Of course Sue will never let me live it down, and loves to rub my nose in the fact that “I can’t possibly spec anything to do with colours, because I’m colourblind”. Nevermind the fact that I had created award-winning designs all while never even knowing that I had trouble distinguishing between the darkest shades of red and green.
Besides, I figure if Graphic Design master Herb Lubalin could build such an illustrious career all while being colourblind, there might be hope for me yet.
Anyone who has talked to me for more than fifteen minutes knows that I am a HUGE comic book nerd. Ever since I was eight years old, I have spent a good portion of my weekly disposable income on funny books. A good friend pointed out a long time ago, “Just imagine if you had invested that same money into mutual funds”. True, I would be in a much better financial position, but I would have lost out on thousands of hours of reading and visual enjoyment, as well as one of the main influences that directed me toward my career in the Graphic Arts. And although I would definitely have a lot more storage space available, I would not be the repository of useless superhero trivia that I am today. The visual language of comic books often creeps into my professional work and it is so ingrained into my being that I usually don’t even notice until someone else points is out. One of my favourite comic elements that sometimes shows up on our brainstorming sessions is “Kirby Krackle“.
Kirby Krackle is named after an effect created by Jack “the King” Kirby. Kirby would bring his pages alive by simulating the visual appearance of energy through the use of layered black and white dots. Similar to how a corse half-tone pattern generates the illusion of a photograph in a newspaper, Kirby would arrange dots in a way that created the crackling effect of electricity or powerful flowing energy. Once he figured out how to harness the power of those dots, he used them to create a dynamism within his work that has rarely been matched even to this day, almost 45 years later. Another of my favourite comic artists, John Byrne also utilized Kirby Krackle with great mastery.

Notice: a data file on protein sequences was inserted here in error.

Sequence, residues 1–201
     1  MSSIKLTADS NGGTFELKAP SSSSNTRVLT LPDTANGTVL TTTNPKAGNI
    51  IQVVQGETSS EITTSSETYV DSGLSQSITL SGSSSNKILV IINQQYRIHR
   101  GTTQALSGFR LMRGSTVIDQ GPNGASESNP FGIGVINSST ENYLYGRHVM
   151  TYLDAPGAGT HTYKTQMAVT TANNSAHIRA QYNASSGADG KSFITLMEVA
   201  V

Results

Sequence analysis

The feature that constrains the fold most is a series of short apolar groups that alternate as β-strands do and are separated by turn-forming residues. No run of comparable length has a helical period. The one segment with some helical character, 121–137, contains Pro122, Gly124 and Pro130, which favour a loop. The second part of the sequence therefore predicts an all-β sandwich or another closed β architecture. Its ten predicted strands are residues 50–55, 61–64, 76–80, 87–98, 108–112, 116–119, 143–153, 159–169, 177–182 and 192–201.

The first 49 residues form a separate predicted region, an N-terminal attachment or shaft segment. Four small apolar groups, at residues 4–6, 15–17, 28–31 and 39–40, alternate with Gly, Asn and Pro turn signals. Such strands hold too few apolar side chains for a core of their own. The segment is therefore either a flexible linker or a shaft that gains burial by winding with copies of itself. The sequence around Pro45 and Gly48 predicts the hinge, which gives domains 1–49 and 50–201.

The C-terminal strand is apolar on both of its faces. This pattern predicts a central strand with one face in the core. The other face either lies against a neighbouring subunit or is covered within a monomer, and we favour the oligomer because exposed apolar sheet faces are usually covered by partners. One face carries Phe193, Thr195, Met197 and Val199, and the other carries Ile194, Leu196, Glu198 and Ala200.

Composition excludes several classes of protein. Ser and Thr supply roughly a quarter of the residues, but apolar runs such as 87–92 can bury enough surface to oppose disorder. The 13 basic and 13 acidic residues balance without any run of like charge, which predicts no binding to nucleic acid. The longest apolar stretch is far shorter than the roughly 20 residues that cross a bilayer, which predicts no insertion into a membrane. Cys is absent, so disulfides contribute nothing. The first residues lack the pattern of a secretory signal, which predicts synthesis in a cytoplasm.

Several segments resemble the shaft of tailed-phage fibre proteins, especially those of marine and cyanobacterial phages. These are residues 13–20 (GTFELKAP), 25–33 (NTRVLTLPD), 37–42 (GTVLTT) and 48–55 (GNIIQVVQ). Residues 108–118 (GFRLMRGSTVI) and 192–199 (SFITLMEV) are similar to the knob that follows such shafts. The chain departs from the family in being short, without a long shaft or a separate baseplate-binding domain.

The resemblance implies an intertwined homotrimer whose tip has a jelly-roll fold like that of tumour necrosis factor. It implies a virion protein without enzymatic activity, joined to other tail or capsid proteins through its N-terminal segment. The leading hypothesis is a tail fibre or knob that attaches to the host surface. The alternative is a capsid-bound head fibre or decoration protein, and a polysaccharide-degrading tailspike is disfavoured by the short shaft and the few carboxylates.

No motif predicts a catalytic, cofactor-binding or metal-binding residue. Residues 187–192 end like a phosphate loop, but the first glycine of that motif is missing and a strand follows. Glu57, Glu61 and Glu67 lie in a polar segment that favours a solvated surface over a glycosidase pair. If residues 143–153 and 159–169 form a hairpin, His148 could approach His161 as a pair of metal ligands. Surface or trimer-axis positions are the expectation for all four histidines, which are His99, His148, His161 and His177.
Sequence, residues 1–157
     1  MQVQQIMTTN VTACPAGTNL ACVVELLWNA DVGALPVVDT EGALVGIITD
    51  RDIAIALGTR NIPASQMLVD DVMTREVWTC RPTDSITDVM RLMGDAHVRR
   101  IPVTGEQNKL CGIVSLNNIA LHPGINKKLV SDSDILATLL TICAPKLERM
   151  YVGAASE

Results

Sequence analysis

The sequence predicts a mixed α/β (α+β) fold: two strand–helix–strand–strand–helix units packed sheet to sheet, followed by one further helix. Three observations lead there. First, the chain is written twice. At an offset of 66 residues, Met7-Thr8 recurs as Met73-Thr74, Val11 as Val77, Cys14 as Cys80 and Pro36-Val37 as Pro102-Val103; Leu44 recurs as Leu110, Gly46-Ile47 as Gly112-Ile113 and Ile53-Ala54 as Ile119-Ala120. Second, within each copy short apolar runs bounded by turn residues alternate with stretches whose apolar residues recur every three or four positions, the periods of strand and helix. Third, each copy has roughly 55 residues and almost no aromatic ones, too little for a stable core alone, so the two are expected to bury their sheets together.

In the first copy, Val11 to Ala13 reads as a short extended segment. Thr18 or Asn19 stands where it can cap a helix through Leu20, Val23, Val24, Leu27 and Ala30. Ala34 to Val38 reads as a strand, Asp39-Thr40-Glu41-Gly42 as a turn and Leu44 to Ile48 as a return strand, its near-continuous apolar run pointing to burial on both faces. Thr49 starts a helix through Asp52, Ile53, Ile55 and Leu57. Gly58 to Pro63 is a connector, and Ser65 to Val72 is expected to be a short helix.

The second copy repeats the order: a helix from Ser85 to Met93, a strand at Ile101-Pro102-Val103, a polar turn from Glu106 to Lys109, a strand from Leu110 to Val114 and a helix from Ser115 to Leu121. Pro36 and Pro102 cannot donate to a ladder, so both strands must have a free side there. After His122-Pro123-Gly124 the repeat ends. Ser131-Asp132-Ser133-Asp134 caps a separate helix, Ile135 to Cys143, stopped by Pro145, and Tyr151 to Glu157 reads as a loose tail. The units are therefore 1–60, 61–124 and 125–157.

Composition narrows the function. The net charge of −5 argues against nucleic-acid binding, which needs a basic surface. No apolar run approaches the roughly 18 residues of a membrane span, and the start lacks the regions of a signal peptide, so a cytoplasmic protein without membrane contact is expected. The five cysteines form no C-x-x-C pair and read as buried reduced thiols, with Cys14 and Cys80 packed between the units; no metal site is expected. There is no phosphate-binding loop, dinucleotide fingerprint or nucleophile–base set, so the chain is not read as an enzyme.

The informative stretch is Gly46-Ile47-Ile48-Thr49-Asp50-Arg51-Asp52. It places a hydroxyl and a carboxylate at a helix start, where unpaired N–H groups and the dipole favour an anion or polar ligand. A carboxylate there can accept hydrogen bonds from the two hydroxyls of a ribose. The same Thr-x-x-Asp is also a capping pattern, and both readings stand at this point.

Unfortunately Kirby Krackle is such a niche comic books visual motif, that most people who are not versed in comic’s visual language do not understand it. As a result, my heroic attempts to implement Kirby Krackle outside of anything remotely comic book related never make it past the concept sketches. I’ve kept my eyes open to see if anyone else has used a similar effect in the traditional work of the graphic design industry, but I have yet to see anything beyond the comic book medium. I swear, one day it will be the perfect visual solution for a design problem that I am struggling with… and what a truly great day that will be.
The Silver Surfer by Jack Kirby © Marvel Comics